4 Types of Neurotransmitters | Their Physiology and Functions
Neurotransmitters are the chemical messengers which are part of the nervous system.
They help the brain and spinal cord to control and regulate the whole body.
They are mostly formed in the nerves and released at the neuronal junctions.
There are many neurotransmitters in the body involved in different functions.
They can be classified based on their
- Physiological effects
- Functions in the body.
Types of Neurotransmitters
Based on chemistry there are four types:
Monoamines: These are also called biogenic amines. They form the most extensive set of neurotransmitters (NT’s) and control many vital functions in the body.
Examples include; Dopamine, Norepinephrine, epinephrine, serotonin, and histamine. Except for serotonin and histamine, remaining others form a part of the sympathetic system and also called as catecholamines. While histamine plays a crucial role in wound healing and allergy. Whereas serotonin regulates stress and even emotions like anxiety, depression, memory, etc.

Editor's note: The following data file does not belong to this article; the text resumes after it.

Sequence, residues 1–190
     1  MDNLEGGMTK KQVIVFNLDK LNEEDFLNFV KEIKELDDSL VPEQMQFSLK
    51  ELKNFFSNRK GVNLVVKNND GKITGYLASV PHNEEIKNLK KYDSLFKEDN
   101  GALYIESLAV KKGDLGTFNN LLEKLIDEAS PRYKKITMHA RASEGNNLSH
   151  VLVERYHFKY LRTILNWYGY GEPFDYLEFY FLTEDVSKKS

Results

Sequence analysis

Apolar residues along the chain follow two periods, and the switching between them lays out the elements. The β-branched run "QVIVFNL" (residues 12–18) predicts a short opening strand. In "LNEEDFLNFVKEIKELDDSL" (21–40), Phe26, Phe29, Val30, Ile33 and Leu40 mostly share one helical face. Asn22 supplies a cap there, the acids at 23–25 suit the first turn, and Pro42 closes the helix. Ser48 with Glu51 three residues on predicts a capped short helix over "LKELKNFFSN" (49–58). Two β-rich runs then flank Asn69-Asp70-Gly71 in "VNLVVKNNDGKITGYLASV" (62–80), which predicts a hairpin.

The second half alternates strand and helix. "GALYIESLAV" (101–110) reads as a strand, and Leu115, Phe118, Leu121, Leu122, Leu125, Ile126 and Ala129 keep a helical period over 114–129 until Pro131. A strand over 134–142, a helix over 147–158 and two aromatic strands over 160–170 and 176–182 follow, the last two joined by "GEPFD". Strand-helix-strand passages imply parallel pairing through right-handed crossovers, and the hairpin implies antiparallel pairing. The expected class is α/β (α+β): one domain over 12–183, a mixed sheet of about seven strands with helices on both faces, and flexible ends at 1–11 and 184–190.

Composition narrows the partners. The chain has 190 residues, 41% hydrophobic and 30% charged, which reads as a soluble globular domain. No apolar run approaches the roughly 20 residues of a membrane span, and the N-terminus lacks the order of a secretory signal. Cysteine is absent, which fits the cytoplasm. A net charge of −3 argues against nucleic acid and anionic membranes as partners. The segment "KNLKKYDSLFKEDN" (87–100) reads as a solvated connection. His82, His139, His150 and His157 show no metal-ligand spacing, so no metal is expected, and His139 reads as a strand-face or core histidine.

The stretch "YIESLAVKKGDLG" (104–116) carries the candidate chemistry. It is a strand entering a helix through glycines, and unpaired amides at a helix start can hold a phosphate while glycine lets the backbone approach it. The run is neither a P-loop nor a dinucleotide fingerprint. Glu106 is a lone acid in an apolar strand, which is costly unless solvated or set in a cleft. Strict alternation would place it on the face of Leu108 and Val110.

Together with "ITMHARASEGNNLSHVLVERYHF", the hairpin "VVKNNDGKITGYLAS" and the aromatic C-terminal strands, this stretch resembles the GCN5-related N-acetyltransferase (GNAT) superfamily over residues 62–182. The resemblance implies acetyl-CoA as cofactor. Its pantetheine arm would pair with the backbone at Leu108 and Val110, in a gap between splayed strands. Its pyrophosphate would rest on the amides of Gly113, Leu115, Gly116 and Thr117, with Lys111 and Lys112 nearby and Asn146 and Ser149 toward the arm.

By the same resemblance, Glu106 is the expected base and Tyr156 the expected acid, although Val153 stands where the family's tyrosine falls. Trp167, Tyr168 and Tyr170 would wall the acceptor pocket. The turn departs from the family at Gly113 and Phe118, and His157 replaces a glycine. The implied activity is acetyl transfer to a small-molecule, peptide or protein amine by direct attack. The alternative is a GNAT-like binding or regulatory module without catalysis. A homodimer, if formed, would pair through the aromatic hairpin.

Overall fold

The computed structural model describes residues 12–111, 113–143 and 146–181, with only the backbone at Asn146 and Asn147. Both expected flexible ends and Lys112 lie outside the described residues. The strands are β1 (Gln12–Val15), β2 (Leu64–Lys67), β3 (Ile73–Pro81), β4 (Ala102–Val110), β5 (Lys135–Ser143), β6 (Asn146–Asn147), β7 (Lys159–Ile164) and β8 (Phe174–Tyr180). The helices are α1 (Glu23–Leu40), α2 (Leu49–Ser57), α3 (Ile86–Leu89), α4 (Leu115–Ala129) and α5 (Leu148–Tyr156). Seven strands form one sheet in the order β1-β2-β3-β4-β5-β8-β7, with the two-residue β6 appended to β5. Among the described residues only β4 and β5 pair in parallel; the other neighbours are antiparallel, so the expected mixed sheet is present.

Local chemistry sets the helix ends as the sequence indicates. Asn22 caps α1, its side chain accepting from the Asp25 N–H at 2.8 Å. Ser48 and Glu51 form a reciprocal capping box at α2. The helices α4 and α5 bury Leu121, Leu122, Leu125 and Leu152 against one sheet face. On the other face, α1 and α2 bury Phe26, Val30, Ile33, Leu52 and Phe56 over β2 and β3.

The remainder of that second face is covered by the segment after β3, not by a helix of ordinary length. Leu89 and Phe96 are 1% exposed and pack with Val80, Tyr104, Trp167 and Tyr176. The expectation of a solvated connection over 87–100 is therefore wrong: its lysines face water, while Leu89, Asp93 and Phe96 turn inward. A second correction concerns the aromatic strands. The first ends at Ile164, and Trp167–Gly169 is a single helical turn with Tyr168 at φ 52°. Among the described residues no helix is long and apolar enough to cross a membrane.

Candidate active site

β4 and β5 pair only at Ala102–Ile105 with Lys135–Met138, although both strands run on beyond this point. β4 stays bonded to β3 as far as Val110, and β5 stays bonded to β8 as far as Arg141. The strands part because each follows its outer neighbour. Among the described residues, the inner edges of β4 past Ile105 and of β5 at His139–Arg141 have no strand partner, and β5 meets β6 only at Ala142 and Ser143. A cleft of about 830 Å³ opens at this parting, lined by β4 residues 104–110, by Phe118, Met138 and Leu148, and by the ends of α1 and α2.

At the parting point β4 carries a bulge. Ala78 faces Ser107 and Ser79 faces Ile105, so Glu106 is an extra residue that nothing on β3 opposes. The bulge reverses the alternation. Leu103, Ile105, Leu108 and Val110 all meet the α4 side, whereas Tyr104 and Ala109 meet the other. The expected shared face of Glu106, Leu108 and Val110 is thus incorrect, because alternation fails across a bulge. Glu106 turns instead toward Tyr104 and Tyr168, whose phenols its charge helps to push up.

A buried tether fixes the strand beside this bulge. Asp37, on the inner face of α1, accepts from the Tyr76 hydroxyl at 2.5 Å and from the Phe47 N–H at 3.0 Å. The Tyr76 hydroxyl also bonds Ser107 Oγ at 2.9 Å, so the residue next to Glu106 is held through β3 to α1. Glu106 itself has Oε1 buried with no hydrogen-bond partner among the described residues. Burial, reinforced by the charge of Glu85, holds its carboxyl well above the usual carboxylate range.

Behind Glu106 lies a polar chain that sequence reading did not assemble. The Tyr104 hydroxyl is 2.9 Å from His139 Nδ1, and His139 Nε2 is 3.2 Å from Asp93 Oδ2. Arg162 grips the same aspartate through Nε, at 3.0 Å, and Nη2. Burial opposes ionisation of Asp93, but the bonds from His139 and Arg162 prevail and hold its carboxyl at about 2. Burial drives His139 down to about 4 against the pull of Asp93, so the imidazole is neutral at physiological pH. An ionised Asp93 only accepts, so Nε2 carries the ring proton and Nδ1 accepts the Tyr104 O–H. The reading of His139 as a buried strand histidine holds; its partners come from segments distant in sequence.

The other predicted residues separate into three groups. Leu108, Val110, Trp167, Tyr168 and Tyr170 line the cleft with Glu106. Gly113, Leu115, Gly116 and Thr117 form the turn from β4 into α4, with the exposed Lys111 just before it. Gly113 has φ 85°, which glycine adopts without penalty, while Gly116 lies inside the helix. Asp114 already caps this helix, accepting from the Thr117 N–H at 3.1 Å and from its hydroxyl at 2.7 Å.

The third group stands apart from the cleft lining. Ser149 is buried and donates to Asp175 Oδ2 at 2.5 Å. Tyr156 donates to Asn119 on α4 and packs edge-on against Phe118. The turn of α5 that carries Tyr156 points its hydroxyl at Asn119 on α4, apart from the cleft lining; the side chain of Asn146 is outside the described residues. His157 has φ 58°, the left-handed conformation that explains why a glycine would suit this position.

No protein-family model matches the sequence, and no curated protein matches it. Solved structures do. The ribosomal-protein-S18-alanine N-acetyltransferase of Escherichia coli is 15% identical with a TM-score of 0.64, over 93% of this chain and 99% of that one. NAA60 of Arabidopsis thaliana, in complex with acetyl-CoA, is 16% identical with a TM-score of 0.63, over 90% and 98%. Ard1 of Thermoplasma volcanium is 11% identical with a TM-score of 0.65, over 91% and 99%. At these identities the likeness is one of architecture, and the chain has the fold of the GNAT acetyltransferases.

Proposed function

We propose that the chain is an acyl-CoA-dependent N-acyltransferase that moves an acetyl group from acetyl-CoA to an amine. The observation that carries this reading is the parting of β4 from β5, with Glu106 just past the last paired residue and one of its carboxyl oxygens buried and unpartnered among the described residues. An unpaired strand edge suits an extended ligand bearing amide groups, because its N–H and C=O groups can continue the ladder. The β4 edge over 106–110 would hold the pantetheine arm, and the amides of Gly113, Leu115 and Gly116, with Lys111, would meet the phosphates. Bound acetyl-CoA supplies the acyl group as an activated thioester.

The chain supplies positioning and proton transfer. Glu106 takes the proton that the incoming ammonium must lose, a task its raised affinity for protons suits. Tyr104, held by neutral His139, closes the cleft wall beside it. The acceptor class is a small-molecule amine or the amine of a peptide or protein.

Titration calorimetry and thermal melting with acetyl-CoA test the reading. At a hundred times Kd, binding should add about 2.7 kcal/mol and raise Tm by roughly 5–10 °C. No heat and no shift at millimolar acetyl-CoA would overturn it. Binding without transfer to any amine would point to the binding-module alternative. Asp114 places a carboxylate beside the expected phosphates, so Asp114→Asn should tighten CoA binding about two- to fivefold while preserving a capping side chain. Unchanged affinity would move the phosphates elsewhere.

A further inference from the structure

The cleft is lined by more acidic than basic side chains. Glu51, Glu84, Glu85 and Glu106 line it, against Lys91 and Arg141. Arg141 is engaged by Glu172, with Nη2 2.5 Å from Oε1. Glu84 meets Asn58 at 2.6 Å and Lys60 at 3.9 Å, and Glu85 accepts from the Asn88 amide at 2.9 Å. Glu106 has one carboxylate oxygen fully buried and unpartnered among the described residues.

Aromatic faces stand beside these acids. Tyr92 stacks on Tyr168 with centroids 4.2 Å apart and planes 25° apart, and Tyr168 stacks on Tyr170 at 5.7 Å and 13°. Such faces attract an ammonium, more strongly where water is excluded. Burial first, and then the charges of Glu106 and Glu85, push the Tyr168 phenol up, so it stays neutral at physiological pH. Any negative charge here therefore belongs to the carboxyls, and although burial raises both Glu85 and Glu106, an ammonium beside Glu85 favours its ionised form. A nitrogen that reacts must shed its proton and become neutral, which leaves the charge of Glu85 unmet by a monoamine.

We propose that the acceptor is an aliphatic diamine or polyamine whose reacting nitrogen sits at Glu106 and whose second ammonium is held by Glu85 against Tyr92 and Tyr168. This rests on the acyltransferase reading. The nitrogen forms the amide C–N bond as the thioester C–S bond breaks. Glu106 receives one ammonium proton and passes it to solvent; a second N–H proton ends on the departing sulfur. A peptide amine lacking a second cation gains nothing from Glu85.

Aminoacids: These are the ones which are essential aminoacids but have the neurotransmitter function.
Ex: glutamine, glycine, GABA.
Glutamate is an excitatory type of transmitter in the brain. It is formed from the amino acids glutamine. The glycine and GABA are an inhibitory type of transmitters.
Peptides: These are large molecule NT’s in the body. Their chemical structure is a polymer of amino acids. They are vast and limited and specific function in the body.
Examples include opioid peptides like endorphin, enkephalin, dynorphin, adrenorphin, aminorphin, leuomorphin, etc.
They bind to opioid receptors and execute their function mostly in pain, emotion, food intake, etc.
Choline based: These have a choline moiety in them bound to an organic acid.
These include Acetylcholine, butyrylcholine. Both of them are chemical transmitters in the parasympathetic system. But acetylcholine forms a significant portion of it. They execute their function through their action on the muscarinic and nicotinic receptors.